FDA accepts application for nirsevimab as first protective option for RSV in infants

pharmafile | January 5, 2023 | News story | Medical Communications  

The FDA has accepted an application for nirsevimab as the first protective option to combat respiratory syncytial virus (RSV) disease for all infants. If approved, the drug would become the first broadly protection option for RSV.

According to the clinical trials assessing nirsevimab, the drug provided consistent protection of around 80% against medically-attended RSV disease in both healthy term and preterm infants. It has already been approved under accelerated review in both the EU and the UK.

The drug is intended to protect newborns and infants up to the age of 24 months who are vulnerable when entering their first and second RSV seasons. It has been developed jointly by Sanofi and AstraZeneca and would be the first protective option available for the entire infant population, including those born healthy, at term or preterm, and those with specific health conditions.

Thomas Triomphe, executive vice president of vaccines at Sanofi, commented: “This is a landmark file acceptance in the US as it brings us one step closer to offering the first and only broadly protective option against RSV disease designed for all infants. Given the unprecedented number of otherwise healthy infants who have been hospitalised with RSV this year in the US, and the recurrent patent of RSV epidemics year after year, it is our intention to make nirsevimab available, if approved in time, for the 2023/2024 season to help alleviate the burden of RSV on families and the healthcare system.”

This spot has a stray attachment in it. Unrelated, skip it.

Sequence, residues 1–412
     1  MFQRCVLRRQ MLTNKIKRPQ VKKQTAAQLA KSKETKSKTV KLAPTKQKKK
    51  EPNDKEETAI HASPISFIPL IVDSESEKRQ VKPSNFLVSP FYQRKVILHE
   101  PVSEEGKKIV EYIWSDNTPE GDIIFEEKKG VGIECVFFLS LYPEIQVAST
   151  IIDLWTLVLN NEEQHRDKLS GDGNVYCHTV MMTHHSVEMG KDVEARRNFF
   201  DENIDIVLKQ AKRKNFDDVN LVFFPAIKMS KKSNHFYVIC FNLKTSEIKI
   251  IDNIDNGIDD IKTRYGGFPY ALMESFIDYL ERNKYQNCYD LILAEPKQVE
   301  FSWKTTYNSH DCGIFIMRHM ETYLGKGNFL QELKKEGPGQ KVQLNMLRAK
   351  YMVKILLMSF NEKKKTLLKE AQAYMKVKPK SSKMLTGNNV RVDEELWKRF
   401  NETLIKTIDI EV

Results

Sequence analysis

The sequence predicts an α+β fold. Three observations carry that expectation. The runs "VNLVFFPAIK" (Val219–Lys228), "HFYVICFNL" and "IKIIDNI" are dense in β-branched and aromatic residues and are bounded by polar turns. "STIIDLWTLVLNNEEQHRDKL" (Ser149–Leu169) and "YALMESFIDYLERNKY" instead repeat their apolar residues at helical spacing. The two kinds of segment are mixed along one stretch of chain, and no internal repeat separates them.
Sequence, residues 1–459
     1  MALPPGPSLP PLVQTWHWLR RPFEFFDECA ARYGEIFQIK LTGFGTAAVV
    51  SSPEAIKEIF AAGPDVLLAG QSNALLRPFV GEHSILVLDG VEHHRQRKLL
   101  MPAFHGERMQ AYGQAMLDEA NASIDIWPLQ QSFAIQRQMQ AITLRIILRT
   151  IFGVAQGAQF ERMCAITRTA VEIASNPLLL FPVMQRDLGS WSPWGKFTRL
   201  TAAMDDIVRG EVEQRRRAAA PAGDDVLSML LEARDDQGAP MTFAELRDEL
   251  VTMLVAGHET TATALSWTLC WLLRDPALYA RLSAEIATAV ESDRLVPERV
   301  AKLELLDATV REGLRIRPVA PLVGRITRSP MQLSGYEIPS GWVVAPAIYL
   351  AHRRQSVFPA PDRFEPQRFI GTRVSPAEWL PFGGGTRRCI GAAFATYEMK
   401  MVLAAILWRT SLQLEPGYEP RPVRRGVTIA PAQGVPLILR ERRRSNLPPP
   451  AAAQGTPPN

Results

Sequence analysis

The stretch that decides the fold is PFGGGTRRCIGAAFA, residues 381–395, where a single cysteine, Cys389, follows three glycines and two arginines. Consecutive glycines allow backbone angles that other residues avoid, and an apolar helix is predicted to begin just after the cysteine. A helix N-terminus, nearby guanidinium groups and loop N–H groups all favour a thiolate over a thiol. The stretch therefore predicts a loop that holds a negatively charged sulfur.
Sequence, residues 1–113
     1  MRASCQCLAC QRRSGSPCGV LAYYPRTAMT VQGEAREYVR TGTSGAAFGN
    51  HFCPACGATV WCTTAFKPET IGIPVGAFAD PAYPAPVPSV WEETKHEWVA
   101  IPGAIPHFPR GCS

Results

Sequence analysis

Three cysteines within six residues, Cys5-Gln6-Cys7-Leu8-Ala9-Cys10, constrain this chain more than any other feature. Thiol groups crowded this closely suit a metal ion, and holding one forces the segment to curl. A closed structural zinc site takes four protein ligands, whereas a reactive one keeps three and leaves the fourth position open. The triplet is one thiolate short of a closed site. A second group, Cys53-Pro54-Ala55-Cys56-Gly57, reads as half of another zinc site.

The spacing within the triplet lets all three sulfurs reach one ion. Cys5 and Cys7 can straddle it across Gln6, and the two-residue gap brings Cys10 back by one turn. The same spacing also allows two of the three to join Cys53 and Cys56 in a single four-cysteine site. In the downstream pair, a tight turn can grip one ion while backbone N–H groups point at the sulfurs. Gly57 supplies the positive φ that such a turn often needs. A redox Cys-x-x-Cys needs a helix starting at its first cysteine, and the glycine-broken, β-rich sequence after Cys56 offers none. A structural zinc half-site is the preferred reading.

Dr William Muller, associate professor of paediatrics at Northwestern University Feinberg School of Medicine, and scientific director of clinical and community trials at Ann & Robert H. Lurie Children’s Hospital of Chicago, Illinois, said, “a substantial burden of disease from RSV affects infants, families, and healthcare providers every year. Effective interventions to prevent RSV are a critical need. This year in the US, we’ve seen first-hand how frightening the impact of this respiratory disease is on our patients and how stressful it is on the healthcare system, highlighting the urgency of addressing this problem.”


Betsy Goodfellow

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